Environmental factors affecting the Irrawaddy Dolphin (Orcaella brevirostris) distribution in the Mahakam River, East Kalimantan, Indonesia.
Suyatiningsih, F. (2018). Environmental factors affecting the Irrawaddy Dolphin (Orcaella brevirostris) distribution in the Mahakam River, East Kalimantan, Indonesia. (Thesis, Master of Science (MSc)). The University of Waikato, Hamilton, New Zealand. Retrieved from https://hdl.handle.net/10289/12523
Permanent Research Commons link: https://hdl.handle.net/10289/12523
Tropical rivers are known to support high biodiversity, and are often characterised by vast floodplain areas and seasonal inundation patterns (Dudgeon, 1992). These rivers are places for many important terrestrial and freshwater species such as three true river dolphins species (Platanista gangetica, Platanista minor and Lipotes vexillifer) and the facultative freshwater dolphin – the Irrawaddy dolphins (Orcaella brevirostris). The Mahakam River in East Kalimantan, Indonesia, is typical of other tropical rivers in Southeast Asia but is distinguished by a riverine population of the iconic Irrawaddy dolphins, known locally as Pesut. This freshwater population is classified as “Critically endangered” by the International Union for Conservation of Nature (IUCN). Like many other tropical rivers in Southeast Asia, the Mahakam River is also facing problems from rapid development in rural areas, characterised by a massive conversion of peatland forest to oil palm plantation, an increasing number of mining activities, and ongoing development of settlements. These developments are likely to have had both direct and indirect effects on the Irrawaddy dolphins. Water quality parameters and land use type from sites in the upper, middle, and lower sections of the Mahakam River were used to quantify relationships with between broadscale catchment land-use changes and river habitat changes while anthropogenic factors such as fishing pressure and other forms of human disturbance were also assessed in relation to dolphin distribution. The objectives of this analysis were to (i) quantify changes in water quality in relation to land use, (ii) investigate the key environmental factors associated with Irrawaddy dolphin distribution and abundance in the Mahakam River, and (iii) integrate these findings with other information on dolphin ecology to make recommendations that support dolphin conservation management. Over 1996–2017, the land use in the sub-catchments of government water quality monitoring sites demonstrated changes that reflected decreasing forestland and increasing estate cropland, mainly due to the development of the oil palm plantations in Indonesia. The downstream section of the river also received disturbance from a high proportion of agricultural and settlement land. These land-use changes were shown to be related to the state of water quality in the Mahakam River. Increasing TDS and SO4 were associated with increasing estate cropland and agricultural intensification, respectively, while decreasing COD and BOD concentration were related to changes in swampland area. The middle reach of the Mahakam River was indicated as the primary habitat for the Irrawaddy dolphins. Several land-use related water quality parameters appeared to influence dolphin distribution through indirect effects on prey distribution. However, other forms of human disturbances such as settlements and boat traffic likely had direct effects on dolphins, contributing to their absence from the lower reach of the river. Accordingly, conservation management of Irrawaddy dolphins in the Mahakam River should focus on factors influencing prey species productivity in the river, such as the formation of fish reserves.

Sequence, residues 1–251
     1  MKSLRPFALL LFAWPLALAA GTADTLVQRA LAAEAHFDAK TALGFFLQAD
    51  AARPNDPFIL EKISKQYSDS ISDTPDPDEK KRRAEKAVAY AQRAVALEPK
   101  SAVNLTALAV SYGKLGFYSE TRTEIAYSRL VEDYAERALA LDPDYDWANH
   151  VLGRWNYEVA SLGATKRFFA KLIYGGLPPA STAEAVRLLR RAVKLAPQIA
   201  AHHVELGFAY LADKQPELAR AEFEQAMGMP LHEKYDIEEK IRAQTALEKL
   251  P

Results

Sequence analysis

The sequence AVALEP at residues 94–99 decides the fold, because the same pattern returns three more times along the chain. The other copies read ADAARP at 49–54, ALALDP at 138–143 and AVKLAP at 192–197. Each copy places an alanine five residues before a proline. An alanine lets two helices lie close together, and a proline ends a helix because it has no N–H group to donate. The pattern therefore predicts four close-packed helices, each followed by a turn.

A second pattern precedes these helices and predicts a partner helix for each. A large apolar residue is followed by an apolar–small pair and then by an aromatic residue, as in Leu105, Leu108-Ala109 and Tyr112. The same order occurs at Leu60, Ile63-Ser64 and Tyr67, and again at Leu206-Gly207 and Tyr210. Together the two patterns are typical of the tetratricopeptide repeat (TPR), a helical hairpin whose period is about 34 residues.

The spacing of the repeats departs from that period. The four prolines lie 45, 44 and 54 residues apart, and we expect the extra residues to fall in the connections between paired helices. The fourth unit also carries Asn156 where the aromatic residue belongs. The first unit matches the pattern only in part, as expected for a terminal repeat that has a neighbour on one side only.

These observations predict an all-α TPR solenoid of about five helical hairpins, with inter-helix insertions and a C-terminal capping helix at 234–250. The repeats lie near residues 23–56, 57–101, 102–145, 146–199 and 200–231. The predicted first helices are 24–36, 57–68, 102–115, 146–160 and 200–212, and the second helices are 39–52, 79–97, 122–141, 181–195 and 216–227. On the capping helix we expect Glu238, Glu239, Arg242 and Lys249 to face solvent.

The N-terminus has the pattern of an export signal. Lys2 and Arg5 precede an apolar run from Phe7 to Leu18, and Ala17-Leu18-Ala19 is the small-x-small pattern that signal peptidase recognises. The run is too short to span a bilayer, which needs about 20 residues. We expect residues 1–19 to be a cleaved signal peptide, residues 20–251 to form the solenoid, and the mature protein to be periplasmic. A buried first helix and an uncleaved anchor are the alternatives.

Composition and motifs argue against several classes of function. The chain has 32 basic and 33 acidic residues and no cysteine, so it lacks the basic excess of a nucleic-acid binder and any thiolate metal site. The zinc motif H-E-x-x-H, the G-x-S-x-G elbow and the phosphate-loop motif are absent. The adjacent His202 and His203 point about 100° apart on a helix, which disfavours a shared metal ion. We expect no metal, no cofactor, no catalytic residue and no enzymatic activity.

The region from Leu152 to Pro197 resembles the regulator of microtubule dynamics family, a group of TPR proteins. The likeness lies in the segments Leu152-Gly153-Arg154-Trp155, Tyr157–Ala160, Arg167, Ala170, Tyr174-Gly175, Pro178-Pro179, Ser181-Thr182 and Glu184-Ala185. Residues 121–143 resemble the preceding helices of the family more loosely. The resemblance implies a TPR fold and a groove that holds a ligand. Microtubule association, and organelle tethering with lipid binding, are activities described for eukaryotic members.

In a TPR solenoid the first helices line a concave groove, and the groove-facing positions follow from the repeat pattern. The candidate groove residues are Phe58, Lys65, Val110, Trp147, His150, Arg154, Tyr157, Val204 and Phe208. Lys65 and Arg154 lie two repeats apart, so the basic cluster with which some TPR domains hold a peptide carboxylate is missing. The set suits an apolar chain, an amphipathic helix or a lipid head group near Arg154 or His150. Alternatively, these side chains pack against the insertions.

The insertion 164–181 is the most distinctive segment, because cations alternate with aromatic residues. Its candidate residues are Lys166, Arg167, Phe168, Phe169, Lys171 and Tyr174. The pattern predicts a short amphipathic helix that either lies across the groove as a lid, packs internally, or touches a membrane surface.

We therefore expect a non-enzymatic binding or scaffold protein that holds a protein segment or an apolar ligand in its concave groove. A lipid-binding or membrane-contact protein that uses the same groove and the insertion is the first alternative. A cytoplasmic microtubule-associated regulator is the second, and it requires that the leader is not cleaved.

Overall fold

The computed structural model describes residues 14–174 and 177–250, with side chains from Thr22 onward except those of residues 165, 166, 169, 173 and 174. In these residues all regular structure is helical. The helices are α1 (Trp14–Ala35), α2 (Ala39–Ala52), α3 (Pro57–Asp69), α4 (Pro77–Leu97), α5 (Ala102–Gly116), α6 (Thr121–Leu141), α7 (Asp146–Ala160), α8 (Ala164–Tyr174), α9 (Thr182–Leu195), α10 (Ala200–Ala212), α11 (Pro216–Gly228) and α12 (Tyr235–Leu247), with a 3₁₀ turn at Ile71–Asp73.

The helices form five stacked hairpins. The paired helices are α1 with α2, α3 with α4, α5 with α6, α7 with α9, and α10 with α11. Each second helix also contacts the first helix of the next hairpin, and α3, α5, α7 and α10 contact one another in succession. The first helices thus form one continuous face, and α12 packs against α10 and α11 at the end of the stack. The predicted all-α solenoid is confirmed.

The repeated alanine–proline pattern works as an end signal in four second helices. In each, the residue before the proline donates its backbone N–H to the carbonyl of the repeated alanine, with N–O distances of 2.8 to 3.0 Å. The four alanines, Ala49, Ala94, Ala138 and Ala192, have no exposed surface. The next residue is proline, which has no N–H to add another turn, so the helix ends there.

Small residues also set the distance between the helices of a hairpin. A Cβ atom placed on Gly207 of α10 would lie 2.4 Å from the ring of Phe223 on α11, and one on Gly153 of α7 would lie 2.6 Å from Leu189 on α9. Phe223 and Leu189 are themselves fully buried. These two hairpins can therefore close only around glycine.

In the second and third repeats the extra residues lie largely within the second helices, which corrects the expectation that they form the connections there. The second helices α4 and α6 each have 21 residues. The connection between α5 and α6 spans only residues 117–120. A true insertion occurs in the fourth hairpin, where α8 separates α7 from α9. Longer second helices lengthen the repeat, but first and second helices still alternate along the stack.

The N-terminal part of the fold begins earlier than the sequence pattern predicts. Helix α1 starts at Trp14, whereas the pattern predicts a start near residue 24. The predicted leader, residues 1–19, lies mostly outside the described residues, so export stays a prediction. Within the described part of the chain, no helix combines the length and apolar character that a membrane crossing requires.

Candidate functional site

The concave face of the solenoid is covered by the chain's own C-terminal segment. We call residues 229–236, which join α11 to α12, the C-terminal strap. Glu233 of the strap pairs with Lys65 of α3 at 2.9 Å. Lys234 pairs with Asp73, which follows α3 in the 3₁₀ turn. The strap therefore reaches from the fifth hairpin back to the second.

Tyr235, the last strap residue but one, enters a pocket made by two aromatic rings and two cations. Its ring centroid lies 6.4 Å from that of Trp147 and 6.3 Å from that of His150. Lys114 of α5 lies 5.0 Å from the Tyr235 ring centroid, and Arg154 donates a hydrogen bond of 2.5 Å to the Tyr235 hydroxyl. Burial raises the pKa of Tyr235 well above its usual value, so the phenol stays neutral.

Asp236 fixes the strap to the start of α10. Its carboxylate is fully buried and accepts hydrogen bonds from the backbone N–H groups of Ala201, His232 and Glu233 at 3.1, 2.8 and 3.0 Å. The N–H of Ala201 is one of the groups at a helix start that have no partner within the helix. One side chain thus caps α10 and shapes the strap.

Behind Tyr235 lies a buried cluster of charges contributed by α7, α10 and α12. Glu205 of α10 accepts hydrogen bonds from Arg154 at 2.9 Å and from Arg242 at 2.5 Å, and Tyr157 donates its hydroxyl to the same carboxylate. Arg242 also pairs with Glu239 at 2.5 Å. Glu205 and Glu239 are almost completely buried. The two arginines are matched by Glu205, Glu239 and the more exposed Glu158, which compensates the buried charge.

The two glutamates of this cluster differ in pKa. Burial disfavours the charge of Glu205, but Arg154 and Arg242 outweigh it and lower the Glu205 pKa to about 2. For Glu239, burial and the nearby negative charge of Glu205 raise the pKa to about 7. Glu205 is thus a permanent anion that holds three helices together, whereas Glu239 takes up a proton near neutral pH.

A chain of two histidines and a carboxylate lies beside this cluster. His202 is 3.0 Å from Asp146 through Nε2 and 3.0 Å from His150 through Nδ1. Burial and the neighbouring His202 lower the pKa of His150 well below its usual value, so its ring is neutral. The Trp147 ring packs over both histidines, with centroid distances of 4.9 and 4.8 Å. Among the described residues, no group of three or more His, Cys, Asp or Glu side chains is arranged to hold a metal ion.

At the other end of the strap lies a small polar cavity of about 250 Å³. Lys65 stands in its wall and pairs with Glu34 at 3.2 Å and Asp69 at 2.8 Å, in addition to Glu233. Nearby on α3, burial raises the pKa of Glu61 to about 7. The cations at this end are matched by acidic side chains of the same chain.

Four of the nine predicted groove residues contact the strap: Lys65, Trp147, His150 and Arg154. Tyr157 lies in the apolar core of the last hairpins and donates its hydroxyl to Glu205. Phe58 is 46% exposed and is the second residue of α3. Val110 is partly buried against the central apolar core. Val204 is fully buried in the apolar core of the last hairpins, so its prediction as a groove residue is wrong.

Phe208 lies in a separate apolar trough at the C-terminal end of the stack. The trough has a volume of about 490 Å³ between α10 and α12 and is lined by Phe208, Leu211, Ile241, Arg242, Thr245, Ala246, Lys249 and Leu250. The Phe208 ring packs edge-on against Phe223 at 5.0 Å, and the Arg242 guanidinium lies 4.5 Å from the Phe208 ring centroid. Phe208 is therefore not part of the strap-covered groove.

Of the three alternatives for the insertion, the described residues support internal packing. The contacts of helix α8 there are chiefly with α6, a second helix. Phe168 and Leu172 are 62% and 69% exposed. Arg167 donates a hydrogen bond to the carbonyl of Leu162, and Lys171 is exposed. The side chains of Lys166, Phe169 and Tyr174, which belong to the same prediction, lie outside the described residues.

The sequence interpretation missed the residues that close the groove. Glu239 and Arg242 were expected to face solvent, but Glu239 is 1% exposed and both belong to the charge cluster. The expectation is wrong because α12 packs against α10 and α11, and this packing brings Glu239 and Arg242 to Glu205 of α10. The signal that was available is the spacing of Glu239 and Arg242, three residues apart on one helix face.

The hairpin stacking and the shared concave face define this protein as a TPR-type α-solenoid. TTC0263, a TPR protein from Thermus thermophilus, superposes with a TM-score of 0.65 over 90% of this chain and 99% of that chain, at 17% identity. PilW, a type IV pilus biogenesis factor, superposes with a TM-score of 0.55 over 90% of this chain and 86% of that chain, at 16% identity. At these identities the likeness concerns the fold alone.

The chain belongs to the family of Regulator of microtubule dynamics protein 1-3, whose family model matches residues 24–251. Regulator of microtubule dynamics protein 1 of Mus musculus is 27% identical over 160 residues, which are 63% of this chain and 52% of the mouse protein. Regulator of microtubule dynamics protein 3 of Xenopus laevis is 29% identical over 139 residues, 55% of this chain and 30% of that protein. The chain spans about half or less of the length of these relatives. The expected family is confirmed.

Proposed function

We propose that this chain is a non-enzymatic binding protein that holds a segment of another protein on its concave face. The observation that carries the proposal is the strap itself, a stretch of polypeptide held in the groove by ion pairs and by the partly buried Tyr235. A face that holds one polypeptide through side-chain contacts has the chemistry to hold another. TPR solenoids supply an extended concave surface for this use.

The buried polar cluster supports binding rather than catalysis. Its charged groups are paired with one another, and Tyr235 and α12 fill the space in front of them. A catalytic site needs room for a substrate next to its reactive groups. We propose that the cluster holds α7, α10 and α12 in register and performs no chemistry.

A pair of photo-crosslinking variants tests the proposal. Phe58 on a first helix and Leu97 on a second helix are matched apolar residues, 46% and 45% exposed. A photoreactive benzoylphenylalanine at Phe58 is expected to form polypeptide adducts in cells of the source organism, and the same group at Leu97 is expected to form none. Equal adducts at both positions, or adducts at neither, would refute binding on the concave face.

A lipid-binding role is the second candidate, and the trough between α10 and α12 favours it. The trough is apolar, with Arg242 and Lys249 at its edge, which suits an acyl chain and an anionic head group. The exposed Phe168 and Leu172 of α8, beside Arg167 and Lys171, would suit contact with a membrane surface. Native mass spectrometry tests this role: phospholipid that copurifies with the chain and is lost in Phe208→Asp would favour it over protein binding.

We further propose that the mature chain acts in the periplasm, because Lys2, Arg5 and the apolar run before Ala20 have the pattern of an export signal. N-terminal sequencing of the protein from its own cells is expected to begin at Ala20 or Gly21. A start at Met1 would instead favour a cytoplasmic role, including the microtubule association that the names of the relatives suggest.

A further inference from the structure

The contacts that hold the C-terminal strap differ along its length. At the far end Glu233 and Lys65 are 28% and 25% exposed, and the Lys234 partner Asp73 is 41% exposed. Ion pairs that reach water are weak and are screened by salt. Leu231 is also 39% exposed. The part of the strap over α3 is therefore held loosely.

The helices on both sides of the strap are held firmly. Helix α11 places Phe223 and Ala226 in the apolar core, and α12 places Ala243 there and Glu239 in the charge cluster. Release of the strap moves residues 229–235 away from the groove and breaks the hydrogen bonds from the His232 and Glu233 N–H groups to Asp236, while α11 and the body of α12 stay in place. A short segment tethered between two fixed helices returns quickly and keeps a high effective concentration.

The University of Waikato
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